It’s not every day that a baby is born in the Brigham and Women’s Hospital (BWH) cardiovascular hybrid operating room (OR), but that’s where a multidisciplinary cardiovascular and obstetrics team was at the ready as 29-year-old Chelsea Phaneuf delivered her daughter, Aria, this spring. Chelsea had been admitted to the Shapiro Cardiovascular Center with a failing heart valve about a month before Aria’s arrival.
At the age of 23, an echocardiogram showed that Chelsea’s bicuspid valve had suddenly deteriorated and needed to be replaced. At such a young age, Chelsea was concerned about how the surgery would impact planning for a future family. The daily blood-thinning medication required for patients who undergo a valve replacement with a mechanical device is a risk to a developing fetus. Chelsea, therefore, opted for a biological valve, even though they don’t last as long as a mechanical valve.
Posted by Brigham and Women's Hospital August 6, 2015
For the twenty-third year in a row, Brigham and Women’s Hospital (BWH) has been named to U.S. News & World Report’s Honor Roll of America’s Best Hospitals, moving up three spots to number six. The Honor Roll highlights just 15 hospitals, out of nearly 5,000 nationwide, for their breadth and depth of clinical excellence.
In today’s post, we’ve gathered a collection of videos highlighting life-giving breakthroughs in our top-ranked clinical specialties.
Christopher P. Crum, MD, Division Chief of Women’s and Perinatal Pathology, discusses ovarian cancer risk and techniques for detecting ovarian cancer at earlier stages of the disease.
The Department of Obstetrics and Gynecology supports women through all the stages of their lives, offering specialized evaluation and treatment for complex women’s health conditions, including gynecologic cancers.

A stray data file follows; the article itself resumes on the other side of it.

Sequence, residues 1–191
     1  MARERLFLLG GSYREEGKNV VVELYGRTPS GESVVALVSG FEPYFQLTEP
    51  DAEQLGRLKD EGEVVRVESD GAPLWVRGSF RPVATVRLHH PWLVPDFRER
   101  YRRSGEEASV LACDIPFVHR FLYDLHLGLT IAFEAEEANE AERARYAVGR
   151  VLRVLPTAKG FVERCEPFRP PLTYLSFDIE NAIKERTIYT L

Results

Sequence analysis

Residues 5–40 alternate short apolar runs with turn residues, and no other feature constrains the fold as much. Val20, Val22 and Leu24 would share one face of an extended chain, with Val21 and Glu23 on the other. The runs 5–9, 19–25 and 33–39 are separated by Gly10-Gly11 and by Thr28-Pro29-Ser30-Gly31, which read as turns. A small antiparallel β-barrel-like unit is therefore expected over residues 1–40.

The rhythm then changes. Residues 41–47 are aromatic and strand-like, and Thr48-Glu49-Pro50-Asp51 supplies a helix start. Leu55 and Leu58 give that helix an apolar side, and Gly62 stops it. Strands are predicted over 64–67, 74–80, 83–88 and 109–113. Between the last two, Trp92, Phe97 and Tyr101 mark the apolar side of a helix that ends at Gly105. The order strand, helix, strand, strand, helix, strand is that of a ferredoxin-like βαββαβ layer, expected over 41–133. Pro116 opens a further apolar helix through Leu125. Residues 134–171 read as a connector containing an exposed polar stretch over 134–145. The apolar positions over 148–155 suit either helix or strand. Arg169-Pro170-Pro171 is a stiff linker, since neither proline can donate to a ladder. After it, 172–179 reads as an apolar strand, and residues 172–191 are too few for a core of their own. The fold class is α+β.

Posted by Brigham and Women's Hospital July 1, 2015
Recent findings may influence how doctors think about high blood pressure management.
Hypertension (high blood pressure) is the most common risk factor for heart disease and death worldwide, but key questions about management of hypertension have remained unanswered. In a recent study funded by the Harvard Center for Primary Care and published in the British Medical Journal, researchers from Brigham and Women’s Hospital (BWH) examined the outcomes of nearly 90,000 adults with hypertension to pinpoint the precise high-blood-pressure level and critical time points at which intervening was tied to a decrease in the risk of death and/or cardiovascular event, such as heart attack or stroke.
Posted by Brigham and Women's Hospital June 23, 2015
The green areas in the picture above represent a buildup of amyloid in the heart of a patient with senile amyloidosis.
Cardiac amyloidosis is a dangerous and progressive disease that is not yet well understood. As it is quite rare and produces symptoms very similar to other heart diseases, it is often misdiagnosed.
Amyloidosis refers to a group of diseases, caused by deposits of abnormal proteins (amyloid) that affect one or more organ systems in the body. Buildup of amyloid in the heart is known as cardiac amyloidosis, and whether it occurs solely in the heart or in conjunction with other organs, it is the presence of amyloidosis in the heart that determines the severity and outcome of the disease and its treatments.
To promote effective and efficient treatment and a better understanding of the disease among physicians and patients, Brigham and Women’s Hospital established the multidisciplinary Cardiac Amyloidosis Program that draws upon the expertise of some of the country’s leading cardiology specialists. The program is led by noted cardiac amyloidosis expert Rodney H. Falk, MD, who, in the video below, discusses the importance of early diagnosis and the progress being made in caring for patients with the disease.